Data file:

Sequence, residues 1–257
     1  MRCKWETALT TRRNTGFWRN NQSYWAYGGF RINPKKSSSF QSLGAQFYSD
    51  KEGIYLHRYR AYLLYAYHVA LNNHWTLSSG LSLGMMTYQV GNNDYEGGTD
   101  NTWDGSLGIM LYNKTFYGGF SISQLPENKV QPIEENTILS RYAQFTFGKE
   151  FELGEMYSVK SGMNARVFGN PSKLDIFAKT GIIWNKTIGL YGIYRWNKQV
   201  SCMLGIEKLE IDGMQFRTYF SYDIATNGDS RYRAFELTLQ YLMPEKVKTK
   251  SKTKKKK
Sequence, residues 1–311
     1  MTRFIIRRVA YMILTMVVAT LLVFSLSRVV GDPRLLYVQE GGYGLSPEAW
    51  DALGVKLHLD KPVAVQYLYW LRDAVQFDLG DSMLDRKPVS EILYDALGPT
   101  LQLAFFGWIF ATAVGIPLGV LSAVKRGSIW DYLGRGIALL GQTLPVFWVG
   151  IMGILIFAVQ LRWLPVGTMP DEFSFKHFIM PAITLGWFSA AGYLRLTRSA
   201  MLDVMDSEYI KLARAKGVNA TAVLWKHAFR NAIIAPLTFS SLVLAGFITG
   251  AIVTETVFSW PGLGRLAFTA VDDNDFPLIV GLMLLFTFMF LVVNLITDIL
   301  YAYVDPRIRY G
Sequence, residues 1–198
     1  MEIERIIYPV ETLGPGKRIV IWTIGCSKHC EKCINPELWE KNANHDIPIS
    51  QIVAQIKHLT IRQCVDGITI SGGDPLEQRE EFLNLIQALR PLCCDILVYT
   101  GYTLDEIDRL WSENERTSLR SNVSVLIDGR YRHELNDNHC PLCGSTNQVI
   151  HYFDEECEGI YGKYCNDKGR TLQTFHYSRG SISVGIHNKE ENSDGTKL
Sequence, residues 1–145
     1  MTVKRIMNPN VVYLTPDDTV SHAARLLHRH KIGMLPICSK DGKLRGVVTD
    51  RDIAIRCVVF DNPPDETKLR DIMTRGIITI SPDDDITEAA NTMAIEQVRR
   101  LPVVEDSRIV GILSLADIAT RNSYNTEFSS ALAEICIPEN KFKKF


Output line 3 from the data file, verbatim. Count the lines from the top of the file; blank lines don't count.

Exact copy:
    51  KEGIYLHRYR AYLLYAYHVA LNNHWTLSSG LSLGMMTYQV GNNDYEGGTD